Defendant rested after presenting the testimony of these two witnesses, and the prosecution moved for a directed finding on the motion to quash and to suppress. The trial court granted the prosecution's request, finding that defendant did not have standing to challenge the search of the vehicle.

At trial, two Chicago police officers testified for the prosecution. According to the officers' testimony, they received a radio dispatch at approximately 6:30 p.m. on February 15, 1994, that a restaurant in their vicinity had been robbed. At that time, they observed defendant brushing snow from a parked vehicle which had its motor running. The officers testified that they approached defendant because he fit the description of the perpetrator of the robbery contained in the radio dispatch. The officers exited their squad car, drew their guns, and told the defendant to walk to the rear of his car. When the officers reached the defendant's vehicle, they saw in plain view on the front seat a clear plastic bag containing blocks of a white powdery substance and another bag which held a green leafy substance and money. Defendant was then arrested.

The parties stipulated that the bags contained 1,257 grams of cocaine and 74.9 grams of marijuana. It also was determined that defendant was not involved in the restaurant robbery. The prosecution then rested.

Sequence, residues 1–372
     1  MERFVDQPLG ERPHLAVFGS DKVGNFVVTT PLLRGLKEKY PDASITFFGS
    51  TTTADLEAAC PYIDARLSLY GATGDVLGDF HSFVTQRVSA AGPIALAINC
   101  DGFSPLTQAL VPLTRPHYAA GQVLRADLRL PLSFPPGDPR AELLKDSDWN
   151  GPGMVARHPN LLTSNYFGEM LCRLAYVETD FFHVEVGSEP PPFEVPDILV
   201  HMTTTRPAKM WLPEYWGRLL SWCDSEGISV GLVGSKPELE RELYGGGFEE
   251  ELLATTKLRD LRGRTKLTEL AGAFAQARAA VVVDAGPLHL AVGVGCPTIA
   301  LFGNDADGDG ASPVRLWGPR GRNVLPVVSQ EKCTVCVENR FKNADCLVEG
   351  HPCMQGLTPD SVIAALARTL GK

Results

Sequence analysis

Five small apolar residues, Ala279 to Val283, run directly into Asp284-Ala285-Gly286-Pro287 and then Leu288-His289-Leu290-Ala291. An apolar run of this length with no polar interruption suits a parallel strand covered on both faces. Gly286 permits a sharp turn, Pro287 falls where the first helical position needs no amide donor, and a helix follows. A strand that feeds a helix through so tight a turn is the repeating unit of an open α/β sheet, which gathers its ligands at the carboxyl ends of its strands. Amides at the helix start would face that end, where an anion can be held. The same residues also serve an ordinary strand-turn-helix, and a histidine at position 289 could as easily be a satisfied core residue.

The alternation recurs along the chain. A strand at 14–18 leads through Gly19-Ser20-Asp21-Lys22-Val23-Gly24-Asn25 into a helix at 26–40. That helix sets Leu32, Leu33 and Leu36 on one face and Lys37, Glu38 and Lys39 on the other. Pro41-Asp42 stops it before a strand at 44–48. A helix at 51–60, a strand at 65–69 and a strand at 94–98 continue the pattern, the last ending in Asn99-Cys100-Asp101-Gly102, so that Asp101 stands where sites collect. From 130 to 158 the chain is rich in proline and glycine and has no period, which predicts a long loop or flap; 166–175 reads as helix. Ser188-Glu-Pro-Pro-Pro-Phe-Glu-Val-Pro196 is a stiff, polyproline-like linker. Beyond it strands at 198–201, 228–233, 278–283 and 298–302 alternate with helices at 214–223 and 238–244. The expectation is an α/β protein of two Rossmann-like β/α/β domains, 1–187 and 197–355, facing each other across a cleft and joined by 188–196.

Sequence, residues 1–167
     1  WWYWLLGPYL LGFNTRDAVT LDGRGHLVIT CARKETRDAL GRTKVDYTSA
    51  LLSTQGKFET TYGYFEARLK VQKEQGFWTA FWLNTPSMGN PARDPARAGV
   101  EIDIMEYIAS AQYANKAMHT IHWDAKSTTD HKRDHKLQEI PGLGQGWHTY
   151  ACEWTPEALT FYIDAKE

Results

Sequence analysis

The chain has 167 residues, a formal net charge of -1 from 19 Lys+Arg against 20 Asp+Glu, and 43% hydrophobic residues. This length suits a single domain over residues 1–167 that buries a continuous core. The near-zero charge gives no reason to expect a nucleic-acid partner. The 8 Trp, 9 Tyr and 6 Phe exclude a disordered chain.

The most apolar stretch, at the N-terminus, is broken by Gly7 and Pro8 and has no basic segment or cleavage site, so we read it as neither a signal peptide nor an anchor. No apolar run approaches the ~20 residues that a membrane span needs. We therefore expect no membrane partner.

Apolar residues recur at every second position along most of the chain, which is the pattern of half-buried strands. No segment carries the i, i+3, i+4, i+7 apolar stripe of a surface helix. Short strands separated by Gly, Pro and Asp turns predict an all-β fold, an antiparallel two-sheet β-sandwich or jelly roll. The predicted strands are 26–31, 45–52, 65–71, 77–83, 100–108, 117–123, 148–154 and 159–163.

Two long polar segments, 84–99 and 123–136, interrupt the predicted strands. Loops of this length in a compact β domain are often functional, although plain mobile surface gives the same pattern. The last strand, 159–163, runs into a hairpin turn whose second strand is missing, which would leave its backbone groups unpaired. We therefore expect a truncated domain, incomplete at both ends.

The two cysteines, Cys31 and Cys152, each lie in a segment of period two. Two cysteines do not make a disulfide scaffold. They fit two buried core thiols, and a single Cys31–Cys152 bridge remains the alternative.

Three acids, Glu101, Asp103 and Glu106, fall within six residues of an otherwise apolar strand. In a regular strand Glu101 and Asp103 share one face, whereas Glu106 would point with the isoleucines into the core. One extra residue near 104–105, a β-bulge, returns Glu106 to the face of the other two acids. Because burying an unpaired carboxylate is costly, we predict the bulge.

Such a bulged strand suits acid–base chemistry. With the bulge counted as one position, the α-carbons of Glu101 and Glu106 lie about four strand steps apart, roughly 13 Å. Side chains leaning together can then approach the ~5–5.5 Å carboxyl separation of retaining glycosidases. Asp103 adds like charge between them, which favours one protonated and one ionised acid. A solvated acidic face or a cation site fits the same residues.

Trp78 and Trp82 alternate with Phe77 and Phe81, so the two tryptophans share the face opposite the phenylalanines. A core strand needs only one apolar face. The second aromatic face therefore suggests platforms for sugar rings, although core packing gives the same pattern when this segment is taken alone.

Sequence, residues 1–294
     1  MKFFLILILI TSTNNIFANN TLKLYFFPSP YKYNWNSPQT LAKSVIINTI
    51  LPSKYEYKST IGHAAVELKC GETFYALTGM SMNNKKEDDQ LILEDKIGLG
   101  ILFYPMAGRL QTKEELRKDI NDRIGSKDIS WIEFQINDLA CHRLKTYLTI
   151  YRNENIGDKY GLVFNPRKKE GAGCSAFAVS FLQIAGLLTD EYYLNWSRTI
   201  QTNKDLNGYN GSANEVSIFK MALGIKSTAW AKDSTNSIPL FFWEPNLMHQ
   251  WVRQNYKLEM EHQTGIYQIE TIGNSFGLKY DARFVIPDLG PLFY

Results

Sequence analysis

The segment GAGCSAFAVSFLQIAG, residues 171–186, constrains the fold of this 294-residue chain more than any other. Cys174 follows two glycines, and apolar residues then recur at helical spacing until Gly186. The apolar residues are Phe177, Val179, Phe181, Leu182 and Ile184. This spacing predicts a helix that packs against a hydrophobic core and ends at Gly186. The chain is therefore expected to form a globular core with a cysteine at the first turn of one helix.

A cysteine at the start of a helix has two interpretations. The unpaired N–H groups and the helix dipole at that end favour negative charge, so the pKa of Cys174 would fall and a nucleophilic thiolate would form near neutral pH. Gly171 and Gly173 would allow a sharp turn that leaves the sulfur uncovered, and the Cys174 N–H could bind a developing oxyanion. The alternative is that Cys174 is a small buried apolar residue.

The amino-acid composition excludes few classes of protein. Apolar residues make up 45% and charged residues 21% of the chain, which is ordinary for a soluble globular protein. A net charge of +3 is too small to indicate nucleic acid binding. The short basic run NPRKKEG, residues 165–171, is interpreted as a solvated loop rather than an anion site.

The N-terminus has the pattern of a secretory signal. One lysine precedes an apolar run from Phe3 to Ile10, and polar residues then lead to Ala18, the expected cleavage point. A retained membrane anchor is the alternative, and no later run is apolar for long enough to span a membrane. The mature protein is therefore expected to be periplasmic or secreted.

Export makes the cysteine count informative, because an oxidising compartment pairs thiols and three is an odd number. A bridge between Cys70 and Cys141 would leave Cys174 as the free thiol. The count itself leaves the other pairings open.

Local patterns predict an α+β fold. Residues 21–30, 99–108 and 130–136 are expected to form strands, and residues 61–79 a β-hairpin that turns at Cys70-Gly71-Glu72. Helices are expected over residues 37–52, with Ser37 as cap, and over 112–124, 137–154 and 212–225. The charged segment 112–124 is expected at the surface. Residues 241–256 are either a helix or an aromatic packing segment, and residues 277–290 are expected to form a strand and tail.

Defendant called Brenda Foreman, who testified that, on February 15, 1990, she had loaned her car to a friend known as "Slim." Foreman stated further that when she last saw the car, it did not contain any drugs.

Monica Lewis was called as a witness on behalf of defendant. Ms. Lewis' trial testimony was substantially the same as that presented at the hearing on defendant's motion to suppress.

Defendant also testified to substantially the same facts as those presented at the hearing on his pretrial motion.

After the parties presented their closing arguments, the trial court noted that defendant's pretrial motion to suppress was still before the court for reconsideration. The trial judge stated that he would read the transcript of the hearing on the motion to suppress as well as the officers' trial testimony regarding the stop and search of defendant. Approximately three weeks later, the trial court vacated its original ruling on the motion to suppress. In a written memorandum and order, the ...


Buy This Entire Record For $7.95

Download the entire decision to receive the complete text, official citation,
docket number, dissents and concurrences, and footnotes for this case.

Learn more about what you receive with purchase of this case.